What is the omnipotence paradox?
The omnipotence paradox is a paradox commonly used by atheists to disprove the logical possibility of an omnipotence being. In order to do this, they would suggest whether an omnipotent being can create a stone so heavy he cannot lift. If he cannot create the stone he is not omnipotent, if he cannot lift it, he is not omnipotent, either way omnipotence appears logically impossible.
There are three predominant ways to solve this paradox which are all equally successful. By discussing these three methods, we can clearly see that the omnipotence paradox is non-sensical and fails to defeat theistic explanations of an omnipotent God.
In this post, I will only address the first two objections and rebuttals. If you want to see an in depth description of all three rebuttals, be sure to check out my youtube video which can be found here.
Equivocation on omnipotence:
The main objection that I would raise against the omnipotence paradox is the idea that it equivocates on the term “omnipotent”. This is the idea that the atheist subscribes to a different meaning for omnipotence than the theist and hence completely misses the point.
When the atheist refers to “omnipotence”, they like to appeal to a no-limits form of omnipotence. This is the idea that God can do anything at all including logical absurdities. Under this definition, it is clear that this paradox is sufficient. If God created a stone that he couldn’t lift, it logically follows that he is not omnipotent.
That said, this is not the only definition of omnipotence. While there are multiple different formulations of omnipotence, I adhere to the definition as follows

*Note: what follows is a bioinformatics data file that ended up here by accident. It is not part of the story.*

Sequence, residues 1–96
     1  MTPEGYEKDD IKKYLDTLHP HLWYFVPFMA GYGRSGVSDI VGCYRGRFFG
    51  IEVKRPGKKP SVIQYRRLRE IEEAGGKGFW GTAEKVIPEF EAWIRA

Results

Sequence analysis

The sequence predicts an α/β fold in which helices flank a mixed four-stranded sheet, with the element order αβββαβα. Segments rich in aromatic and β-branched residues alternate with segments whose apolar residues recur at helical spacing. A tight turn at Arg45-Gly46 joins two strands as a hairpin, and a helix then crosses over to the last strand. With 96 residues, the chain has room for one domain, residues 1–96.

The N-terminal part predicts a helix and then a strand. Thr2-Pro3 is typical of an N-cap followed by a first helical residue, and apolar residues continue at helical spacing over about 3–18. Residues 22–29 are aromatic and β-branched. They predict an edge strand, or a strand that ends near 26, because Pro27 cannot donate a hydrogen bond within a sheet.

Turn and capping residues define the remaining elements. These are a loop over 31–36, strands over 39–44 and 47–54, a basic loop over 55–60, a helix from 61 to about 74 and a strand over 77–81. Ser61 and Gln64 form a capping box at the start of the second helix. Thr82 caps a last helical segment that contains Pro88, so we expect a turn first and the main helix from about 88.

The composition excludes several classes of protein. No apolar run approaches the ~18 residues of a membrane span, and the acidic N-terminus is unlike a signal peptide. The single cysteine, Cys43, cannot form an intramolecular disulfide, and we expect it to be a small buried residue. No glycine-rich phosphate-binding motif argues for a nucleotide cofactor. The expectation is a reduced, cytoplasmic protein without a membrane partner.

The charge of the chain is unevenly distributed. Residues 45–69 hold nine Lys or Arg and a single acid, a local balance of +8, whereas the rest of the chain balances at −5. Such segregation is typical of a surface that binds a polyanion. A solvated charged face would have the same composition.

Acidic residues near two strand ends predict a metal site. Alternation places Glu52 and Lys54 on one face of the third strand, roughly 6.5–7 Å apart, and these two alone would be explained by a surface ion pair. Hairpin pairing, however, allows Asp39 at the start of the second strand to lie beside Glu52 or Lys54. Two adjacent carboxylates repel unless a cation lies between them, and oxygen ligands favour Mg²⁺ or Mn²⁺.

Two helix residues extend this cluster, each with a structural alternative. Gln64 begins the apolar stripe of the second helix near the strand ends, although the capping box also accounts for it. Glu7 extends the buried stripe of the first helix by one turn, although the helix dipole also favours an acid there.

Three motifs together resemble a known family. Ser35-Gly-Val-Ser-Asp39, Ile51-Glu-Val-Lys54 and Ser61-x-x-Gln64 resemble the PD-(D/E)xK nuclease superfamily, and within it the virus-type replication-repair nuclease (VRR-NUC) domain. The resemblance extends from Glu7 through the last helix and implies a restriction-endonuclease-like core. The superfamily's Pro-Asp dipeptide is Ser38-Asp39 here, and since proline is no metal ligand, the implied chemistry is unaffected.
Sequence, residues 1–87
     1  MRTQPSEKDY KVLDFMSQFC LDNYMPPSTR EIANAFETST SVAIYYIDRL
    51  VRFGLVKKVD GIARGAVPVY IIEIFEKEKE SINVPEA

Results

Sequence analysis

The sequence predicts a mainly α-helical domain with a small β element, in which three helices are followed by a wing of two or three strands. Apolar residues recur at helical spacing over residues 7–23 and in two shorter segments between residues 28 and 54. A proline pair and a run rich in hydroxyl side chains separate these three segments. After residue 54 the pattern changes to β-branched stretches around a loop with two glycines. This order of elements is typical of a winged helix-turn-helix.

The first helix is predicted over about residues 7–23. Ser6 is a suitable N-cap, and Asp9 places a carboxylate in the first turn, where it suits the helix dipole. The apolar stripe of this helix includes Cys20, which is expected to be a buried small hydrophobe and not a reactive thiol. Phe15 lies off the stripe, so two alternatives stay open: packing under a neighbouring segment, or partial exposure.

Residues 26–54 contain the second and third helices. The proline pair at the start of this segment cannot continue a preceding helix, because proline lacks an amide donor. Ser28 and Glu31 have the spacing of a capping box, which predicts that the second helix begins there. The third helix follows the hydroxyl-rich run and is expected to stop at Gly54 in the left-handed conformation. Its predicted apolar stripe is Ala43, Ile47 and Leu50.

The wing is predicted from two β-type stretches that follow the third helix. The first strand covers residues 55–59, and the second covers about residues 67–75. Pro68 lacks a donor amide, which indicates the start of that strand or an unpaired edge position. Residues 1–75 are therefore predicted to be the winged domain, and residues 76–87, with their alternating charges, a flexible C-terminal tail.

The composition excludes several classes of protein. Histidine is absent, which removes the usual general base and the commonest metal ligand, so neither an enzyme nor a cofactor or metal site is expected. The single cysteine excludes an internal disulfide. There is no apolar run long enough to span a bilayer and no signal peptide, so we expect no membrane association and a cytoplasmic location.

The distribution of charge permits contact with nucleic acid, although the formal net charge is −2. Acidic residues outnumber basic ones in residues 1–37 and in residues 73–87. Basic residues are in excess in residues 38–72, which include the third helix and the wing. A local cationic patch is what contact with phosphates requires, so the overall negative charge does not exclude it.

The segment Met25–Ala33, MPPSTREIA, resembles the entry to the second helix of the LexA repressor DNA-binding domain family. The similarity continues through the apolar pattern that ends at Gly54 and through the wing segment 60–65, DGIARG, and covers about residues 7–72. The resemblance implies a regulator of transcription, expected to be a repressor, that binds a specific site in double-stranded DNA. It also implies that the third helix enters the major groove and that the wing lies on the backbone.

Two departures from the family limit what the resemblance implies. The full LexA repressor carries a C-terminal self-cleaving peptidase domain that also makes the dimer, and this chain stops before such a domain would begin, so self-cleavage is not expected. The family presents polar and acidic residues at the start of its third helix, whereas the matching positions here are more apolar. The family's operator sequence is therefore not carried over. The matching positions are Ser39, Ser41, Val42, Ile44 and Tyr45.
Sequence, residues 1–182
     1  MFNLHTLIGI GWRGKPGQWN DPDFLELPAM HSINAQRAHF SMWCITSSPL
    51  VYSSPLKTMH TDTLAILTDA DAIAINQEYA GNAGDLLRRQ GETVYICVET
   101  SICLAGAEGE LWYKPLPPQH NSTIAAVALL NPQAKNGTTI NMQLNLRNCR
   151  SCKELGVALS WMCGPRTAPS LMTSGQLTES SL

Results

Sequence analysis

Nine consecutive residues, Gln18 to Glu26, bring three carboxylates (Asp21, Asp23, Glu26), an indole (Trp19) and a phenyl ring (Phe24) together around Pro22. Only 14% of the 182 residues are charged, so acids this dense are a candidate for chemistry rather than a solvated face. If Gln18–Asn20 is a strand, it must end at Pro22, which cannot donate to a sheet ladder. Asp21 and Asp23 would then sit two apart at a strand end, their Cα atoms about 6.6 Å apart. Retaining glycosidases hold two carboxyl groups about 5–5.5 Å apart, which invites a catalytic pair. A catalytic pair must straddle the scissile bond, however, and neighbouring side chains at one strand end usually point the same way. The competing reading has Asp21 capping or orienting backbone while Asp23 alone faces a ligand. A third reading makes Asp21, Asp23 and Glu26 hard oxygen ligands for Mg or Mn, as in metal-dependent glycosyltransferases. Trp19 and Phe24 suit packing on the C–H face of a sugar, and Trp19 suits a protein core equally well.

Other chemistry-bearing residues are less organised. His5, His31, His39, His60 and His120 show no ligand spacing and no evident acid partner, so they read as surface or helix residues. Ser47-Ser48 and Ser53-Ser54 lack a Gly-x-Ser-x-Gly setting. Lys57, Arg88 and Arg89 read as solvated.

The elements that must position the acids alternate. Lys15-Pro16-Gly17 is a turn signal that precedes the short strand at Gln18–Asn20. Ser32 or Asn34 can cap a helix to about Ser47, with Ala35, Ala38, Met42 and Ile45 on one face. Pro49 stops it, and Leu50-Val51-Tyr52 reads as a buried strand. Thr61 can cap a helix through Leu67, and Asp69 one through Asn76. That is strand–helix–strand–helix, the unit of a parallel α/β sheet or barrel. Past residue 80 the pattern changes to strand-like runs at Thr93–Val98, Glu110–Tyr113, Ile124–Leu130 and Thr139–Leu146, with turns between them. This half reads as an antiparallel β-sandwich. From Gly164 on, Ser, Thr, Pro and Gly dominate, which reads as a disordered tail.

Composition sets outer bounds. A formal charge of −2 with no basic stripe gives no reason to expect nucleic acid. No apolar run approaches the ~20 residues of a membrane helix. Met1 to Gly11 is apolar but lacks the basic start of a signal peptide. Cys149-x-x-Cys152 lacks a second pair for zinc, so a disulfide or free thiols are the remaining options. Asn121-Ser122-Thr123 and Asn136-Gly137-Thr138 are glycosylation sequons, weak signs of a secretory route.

x(omnipotent being) can do all y (all actions) if and only if x doing y is logically possible.
In other words, God can do all logically possible actions.
With this in mind, the omnipotence paradox fails. While creating a stone so big one cannot lift in itself is not logically contradictory, when you add an omnipotent being to the equation, it becomes logically impossible.
When you turn back to the definition, we can see that the omnipotence paradox fails to overcome or defeat the notion of an omnipotence. God (x) doing the omnipotence paradox (y) is logically impossible, hence due to the second condition (only if x doing y is logically possible) does not include the omnipotence paradox, the proponent of Christian theism can just accept the paradox and say that it does not apply to God of the Bible.
God is necessarily omnipotent:
In the previous response, we looked at the omnipotence paradox, god creating a stone and lifting it as one action. However, it is possible for someone to separate the actions, to suggest that God creating the heavy stone and then failing to lift it are two different events. (while the previous rebuttal would work fine in this situation as well) one can easily raise a new objection.
This is raised in Richard Swinburne’s article named Omnipotence. He basically postulates that God can create a stone so big that He cannot lift, He just doesn’t do it. Let’s assume creating a stone so big He cannot lift is logically possible for an omnipotent being, under the definition that omnipotence means (abilities to do all possible things) God would be omnipotent up until the point that He creates the stone. After which He would loose His omnipotence. Hence it follows that since God hasn’t yet made the stone, He is currently omnipotent.
From these objections and others which I raise in my youtube video, we can conclude that the omnipotence paradox fails in defeating the notion of God’s omnipotence. Hence, the theist can be intellectually satisfied with God’s divine omnipotence and be confident in defending it.